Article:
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SUMMARY We have developed a first-year undergraduate honors course that teaches students fundamental quantum concepts that underlie chemistry and biochemistry. This material is presented in a manner that is intrinsically different from the mathematically intensive route typically encountered in an upper-level undergraduate course. Introducing the concepts in this way allows us to focus on the physical situation rather than the mathematics. This approach clearly establishes a high level of intellectual engagement of the students with the subject matter. Despite the rigor of the course, many students, not only upon finishing the course but later in their undergraduate experience, comment favorably on their experience and what they learned.



ASSOCIATED CONTENT

S Supporting Information *

Syllabus for the lecture course; syllabus for the lab course; course evaluations. This material is available via the Internet at http://pubs.acs.org.



AUTHOR INFORMATION

Corresponding Author

*E-mail: [email protected], [email protected] Notes

The authors declare no competing financial interest.



REFERENCES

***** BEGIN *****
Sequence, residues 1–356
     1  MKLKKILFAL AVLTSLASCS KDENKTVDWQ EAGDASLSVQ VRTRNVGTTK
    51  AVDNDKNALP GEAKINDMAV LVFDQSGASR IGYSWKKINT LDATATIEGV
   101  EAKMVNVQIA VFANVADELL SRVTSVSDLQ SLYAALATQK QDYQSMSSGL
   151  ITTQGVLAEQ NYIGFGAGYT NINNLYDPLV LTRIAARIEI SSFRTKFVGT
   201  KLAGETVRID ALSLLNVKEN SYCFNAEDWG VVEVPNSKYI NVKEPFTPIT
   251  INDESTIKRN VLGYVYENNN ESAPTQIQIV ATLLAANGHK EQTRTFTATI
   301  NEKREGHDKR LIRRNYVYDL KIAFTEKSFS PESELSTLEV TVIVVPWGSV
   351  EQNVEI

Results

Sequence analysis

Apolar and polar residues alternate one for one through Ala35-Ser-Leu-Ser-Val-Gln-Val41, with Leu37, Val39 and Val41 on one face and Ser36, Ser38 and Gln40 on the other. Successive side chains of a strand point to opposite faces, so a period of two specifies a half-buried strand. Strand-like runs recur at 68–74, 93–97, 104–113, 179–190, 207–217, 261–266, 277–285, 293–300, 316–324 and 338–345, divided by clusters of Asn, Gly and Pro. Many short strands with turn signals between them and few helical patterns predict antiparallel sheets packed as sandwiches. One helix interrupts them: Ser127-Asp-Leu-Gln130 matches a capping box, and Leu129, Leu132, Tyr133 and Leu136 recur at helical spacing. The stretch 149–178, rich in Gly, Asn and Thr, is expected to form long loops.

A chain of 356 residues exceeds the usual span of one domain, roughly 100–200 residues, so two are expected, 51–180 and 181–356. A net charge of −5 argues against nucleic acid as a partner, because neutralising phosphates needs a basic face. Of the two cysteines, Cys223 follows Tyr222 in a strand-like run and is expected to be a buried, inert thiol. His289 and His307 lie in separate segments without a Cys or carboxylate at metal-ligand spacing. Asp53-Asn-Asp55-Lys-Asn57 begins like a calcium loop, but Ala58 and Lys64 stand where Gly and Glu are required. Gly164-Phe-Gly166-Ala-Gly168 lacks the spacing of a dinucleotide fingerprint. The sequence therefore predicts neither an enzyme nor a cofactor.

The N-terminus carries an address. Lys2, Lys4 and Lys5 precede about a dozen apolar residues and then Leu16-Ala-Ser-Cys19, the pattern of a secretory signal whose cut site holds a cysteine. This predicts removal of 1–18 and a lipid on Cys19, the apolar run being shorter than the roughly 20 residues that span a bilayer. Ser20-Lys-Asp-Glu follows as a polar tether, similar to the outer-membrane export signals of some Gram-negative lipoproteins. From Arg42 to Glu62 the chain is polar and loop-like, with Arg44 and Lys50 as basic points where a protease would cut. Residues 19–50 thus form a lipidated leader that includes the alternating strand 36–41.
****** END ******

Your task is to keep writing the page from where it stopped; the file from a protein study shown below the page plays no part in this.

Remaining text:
(1) The 8th Annual Ap Report to the Nation, http://apreport. collegeboard.org/ (accessed May 2013). (2) Ege, S. N.; Coppola, B. P.; Lawton, R. G. The University of Michigan Undergraduate Chemistry Curriculum 1. Philosophy, Curriculum, and the Nature of Change. J. Chem. Educ. 1997, 74, 83. (3) Xie, Y.; Achen, A. Science on the Decline? Educational Outcomes of Three Cohorts of Young Americans, Population Studies Center Research Report 09-684, August, 2009. (4) See for example: Zumdahl, S. S. Chemical Principles, 6th ed.; Houghton Miffflin Co.: Boston, MA, 2009. (5) Truhlar, D. G. The Concept of Resonance. J. Chem. Educ. 2007, 84, 781. (6) Kerber, R. C. If Its Resonance, What Is Resonating? J. Chem. Educ. 2006, 83, 223. (7) Ruddick, K. R.; Parrill, A. L.; Petersen, R. L. Introductory Molecular Orbital Theory: An Honors General Chemistry Computational Lab As Implemented Using Three-Dimensional Modeling Software. J. Chem. Educ. 2012, 89, 1358. (8) Pritchard, H. O. We Need to Update the Teaching of Valence Theory. J. Chem. Educ. 2012, 89, 301. (9) This is an extremely tricky idea that we completely avoid discussing in class. The statement on spin can be visualized as arising from enforcing spherical symmetry (that is periodic boundary conditions) on a space-time four-dimensional vector. Note that periodic boundary conditions for a spatial vector are explicitly discussed when introducing band structure and crystal symmetry. (10) See for example: Loveland, W. D.; Morrissey, D. J.; Seaborg, G. T. Modern Nuclear Chemistry; John Wiley and Sons, Inc.: Hoboken, NJ, 2006. (11) Isaacs, N. Physical Organic Chemistry; Longman Scientific and Technical: Essex, U.K., 1995. (12) Sheridan, R. Reviews of Reactive Intermediate Chemistry; Wiley Interscience: Hoboken, NJ, 2007; Chapter “Quantum Mechanical Tunneling In Organic Reactive Intermediates”. (13) Feynman, R. P.; Leighton, R. B.; Sands, M., The Feynman Lectures on Physics; Basic Books: New York, 2010; Volume III, Chapter 9 “The Ammonia Maser”. I

dx.doi.org/10.1021/ed400015y | J. Chem. Educ. XXXX, XXX, XXX−XXX